In late February Sandy and I had the immense pleasure of visiting two of the Monarch overwintering sites in Mexico. Although we had visited a few of the overwintering sites of the western Monarch population in California in the late 1990s, this was our first visit to any of the sites in Mexico.
Monarchs typically gather in overwintering colonies at several sites in the Transvolcanic Mountains of Mexico in the Mexican states of Michoacan and Mexico. Most are closed to the public but there are at least three that are open. El Rosario, in the state of Michoacan, has the most developed trail system, the most number of visitors, and usually the highest number of Monarchs. Sierra Chincua, also in the state of Michoacan, is perhaps the second-most heavily visited by tourists, and usually has good numbers of Monarchs, and Cerra Pelon, in the state of Mexico, is probably the third-most visited by tourists, and usually has good numbers of Monarchs. During our trip, we visited the first two.
After a few days in Mexico City to get acclimated to the culture, food, and altitude, and to allow a visit to the city’s incomparable National Museum of Anthropology, we ventured about three hours northwest of Mexico City to the old mining town of Angangueo, the town closest to the Monarch colonies. From Angangueo, it is about a 30-45 minute drive to El Rosario. From the parking lot there is a trail up to the Monarch colonies. You can either walk up the foot trail, which takes about an hour or an hour and half depending on your condition and how much you “feel” the altitude (the colony is somewhere around 10,000 feet), or you can ride a horse up via the horse trail—which we did on the second day of our visit. The cost is about 70 pesos (less than $7 US). It is a very relaxing way to get up to the colonies and is considerably quicker. You can also take a horse to go down if you prefer, for another 70 pesos.
The foot trail is fairly steep so you will want to take it slow. The walk up is through a delightful forest, littered with flowers, some of which attract hummingbirds, others are important nectar sources for the Monarchs. As we gained altitude the pines of the lower elevations gave way to the beautiful Oyamel Firs (Abies religiosa), the trees in which the Monarchs form their overwintering clusters. Soon we began to see small groups of Monarchs hanging from the branches. These small clusters, however, in no way prepared us for what we were about to see. We finally reached the “llanos,” an open area of short grass and shrubs, bisected by a stream, an important source of moisture for the Monarchs. Beyond the llanos we re-entered the woods, and shortly arrived at an area roped off with caution tape. This was the area where the main overwintering colony had formed. The colonies are roped off each morning by the Preserve guards (on warm days in February the butterflies go out to feed and when they return to the colonies they often settle at slightly different locations so the clusters shift a little each day). It was still early in the day and quite cool, and we peered into the dark forest. There were hundreds of Monarchs flying around through the patches of sunlight, but this too, did not prepare us for what was to come. We finally realized that the huge grayish-brown clumps, which somewhat resembled the spanish moss we had seen hanging from the trees in Florida and Georgia, were actually millions of Monarchs. As the day slowly warmed, more of the Monarchs began to move, and eventually the forest was filled with orange wings, appearing and disappearing as they flew through the beams of sunlight. We returned to the llanos and watched as thousands of Monarchs came to the creek for moisture and the flowering shrubs for nectar. In mid-afternoon, what must have been virtually the entire colony exploded from the firs and sought moisture and nectar before returning to recolonize the firs in late afternoon. The afternoon flight was one of the greatest natural history spectacles we have ever witnessed—a virtual blizzard of orange wings. In fact, there were so many wings that the wing beats were easily heard.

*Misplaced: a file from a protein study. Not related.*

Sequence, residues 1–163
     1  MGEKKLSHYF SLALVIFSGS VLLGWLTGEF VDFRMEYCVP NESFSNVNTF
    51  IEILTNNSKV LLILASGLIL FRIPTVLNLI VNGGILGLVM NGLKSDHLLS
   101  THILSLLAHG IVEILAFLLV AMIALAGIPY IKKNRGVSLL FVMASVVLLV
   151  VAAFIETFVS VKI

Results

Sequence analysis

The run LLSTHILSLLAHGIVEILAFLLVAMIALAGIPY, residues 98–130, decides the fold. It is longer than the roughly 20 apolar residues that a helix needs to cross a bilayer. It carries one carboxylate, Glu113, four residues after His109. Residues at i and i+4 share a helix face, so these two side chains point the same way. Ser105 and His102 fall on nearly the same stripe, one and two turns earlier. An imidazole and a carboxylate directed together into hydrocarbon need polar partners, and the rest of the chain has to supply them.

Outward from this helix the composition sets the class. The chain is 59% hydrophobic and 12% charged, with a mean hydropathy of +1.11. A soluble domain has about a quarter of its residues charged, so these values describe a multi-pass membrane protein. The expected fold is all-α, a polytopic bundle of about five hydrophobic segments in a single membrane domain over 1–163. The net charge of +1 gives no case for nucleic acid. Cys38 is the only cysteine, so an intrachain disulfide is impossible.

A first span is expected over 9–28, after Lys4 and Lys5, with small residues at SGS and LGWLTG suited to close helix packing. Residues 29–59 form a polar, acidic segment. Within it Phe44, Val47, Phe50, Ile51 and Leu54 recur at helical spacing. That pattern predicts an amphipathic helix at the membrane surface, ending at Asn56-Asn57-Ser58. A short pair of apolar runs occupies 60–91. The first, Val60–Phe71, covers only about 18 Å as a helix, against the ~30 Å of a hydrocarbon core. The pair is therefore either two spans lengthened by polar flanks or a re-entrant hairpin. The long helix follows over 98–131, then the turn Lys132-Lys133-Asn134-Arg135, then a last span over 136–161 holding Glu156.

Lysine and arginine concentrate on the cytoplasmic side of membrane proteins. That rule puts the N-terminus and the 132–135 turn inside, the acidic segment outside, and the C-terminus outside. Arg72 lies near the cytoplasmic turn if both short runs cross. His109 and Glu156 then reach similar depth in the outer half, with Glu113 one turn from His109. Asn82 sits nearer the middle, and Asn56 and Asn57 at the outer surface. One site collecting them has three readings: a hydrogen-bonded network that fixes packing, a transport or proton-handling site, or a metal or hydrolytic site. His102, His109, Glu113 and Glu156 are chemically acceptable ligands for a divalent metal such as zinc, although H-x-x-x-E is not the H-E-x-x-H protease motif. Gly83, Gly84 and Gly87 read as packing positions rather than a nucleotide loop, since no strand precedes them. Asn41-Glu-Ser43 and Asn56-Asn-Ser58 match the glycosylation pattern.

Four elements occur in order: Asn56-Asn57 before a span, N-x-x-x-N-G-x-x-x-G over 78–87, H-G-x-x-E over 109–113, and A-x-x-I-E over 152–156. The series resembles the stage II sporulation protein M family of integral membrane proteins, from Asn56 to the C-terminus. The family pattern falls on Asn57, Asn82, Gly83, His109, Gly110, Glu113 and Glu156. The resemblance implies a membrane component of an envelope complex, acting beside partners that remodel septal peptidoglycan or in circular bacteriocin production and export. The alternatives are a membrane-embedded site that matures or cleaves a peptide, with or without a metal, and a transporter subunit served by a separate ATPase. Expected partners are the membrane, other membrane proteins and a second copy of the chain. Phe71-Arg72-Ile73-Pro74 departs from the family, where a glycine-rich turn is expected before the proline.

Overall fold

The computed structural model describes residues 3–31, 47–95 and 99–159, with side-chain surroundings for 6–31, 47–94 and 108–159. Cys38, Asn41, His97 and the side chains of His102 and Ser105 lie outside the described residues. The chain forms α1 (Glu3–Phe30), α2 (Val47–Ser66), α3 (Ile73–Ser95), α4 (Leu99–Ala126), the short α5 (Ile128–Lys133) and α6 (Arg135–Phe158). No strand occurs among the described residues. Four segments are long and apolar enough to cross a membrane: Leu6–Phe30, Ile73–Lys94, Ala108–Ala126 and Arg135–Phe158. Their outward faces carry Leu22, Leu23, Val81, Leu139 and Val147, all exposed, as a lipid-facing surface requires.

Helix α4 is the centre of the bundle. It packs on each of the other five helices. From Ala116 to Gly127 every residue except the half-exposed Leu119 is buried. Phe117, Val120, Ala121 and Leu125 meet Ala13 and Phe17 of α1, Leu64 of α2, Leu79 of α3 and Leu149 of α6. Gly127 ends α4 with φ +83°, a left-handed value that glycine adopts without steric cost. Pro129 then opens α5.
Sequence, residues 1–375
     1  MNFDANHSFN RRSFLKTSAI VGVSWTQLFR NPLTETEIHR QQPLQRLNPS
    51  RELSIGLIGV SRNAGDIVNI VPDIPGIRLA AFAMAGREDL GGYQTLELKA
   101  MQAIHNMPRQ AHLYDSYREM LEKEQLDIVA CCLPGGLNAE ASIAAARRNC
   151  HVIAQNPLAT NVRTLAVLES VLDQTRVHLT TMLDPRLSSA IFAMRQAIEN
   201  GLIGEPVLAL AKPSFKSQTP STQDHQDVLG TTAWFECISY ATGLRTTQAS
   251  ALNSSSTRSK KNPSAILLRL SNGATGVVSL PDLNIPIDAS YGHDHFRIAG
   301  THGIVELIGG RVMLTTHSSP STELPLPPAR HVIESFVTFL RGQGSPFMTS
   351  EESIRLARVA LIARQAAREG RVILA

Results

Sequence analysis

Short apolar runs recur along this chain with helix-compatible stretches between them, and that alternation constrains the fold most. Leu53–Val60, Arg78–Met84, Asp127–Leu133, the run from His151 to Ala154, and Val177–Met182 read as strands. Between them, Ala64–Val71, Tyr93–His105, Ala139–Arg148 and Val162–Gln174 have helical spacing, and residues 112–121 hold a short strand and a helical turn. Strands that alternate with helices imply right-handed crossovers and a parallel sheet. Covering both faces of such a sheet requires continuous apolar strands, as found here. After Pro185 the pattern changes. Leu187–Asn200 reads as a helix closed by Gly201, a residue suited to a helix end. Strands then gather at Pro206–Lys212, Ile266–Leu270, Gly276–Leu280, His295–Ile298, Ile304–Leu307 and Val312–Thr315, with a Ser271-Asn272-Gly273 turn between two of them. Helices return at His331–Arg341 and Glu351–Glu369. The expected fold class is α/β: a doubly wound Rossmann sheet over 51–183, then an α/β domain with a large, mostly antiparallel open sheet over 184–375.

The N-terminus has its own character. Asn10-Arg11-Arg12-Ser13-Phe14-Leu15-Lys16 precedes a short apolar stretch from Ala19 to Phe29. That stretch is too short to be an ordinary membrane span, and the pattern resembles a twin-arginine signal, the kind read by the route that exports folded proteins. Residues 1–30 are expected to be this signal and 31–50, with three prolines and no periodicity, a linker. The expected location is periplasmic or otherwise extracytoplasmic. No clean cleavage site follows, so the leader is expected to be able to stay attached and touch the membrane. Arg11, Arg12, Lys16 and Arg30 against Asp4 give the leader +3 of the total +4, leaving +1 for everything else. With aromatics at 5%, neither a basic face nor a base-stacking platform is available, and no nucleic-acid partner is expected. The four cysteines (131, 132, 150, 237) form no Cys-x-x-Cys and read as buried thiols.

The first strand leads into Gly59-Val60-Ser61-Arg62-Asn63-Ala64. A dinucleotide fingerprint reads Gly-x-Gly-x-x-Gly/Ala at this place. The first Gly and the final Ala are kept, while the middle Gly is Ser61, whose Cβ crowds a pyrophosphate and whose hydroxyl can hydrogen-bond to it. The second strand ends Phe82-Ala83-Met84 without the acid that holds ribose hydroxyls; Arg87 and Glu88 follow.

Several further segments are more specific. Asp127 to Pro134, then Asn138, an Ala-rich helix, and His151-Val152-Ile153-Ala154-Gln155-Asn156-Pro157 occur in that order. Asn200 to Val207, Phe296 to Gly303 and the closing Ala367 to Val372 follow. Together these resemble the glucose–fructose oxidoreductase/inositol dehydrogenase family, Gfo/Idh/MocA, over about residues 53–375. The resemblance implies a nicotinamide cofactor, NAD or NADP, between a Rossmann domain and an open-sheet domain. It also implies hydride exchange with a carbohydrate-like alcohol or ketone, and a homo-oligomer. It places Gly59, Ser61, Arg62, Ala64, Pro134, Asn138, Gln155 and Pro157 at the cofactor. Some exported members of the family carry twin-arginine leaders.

Sierra Chincua is about 30 minutes from Angangueo in the opposite direction. It is a bit more rustic but still has nice trails. The hike is a little longer but less steep. Horses are also available here, and we took them both ways so we have no direct experience with the foot trail. I’m not sure if it is known why, but many of the clusters at Sierra Chincua form on the trunks of the Oyamel Firs, rather than just hanging from the leaves, as they do at El Rosario. Our day at Sierra Chincua began cool and cloudy, and no Monarchs moved until early afternoon. It was so cool in fact, that the moist air that is so critical for keeping the Monarchs hydrated as they hang dormant for much of the winter could be felt on the paper of Sandy’s notebook. I was happy for the coolness, for it gave me plenty of time to try to photograph a fir trunk incrusted with Monarchs, one of my goals of the trip. Finally, at about 1 PM, the clouds thinned and parted, allowing some patches of sunshine to briefly hit the colony. A few Monarchs slowly dropped from the tree trunks and flew away, moving through the forest to seek nectar and moisture at a creek lower down the mountain. Many stayed close to the firs, circling around the grove, and when the clouds returned we saw Monarchs dropping onto the nearest branches, too cold to fly. Finally the sun burned off the clouds, and the air was once again filled with orange wings. Although not as impressive a flight as at El Rosario—this is a smaller colony—it was still an incredible sight.
In late afternoon we rode the horses back down the mountain, our minds filled with memories that will last a lifetime. If anyone would like further details about our trip, or some insight into the logistics of visiting the Monarch reserves, feel free to contact us through the contact page.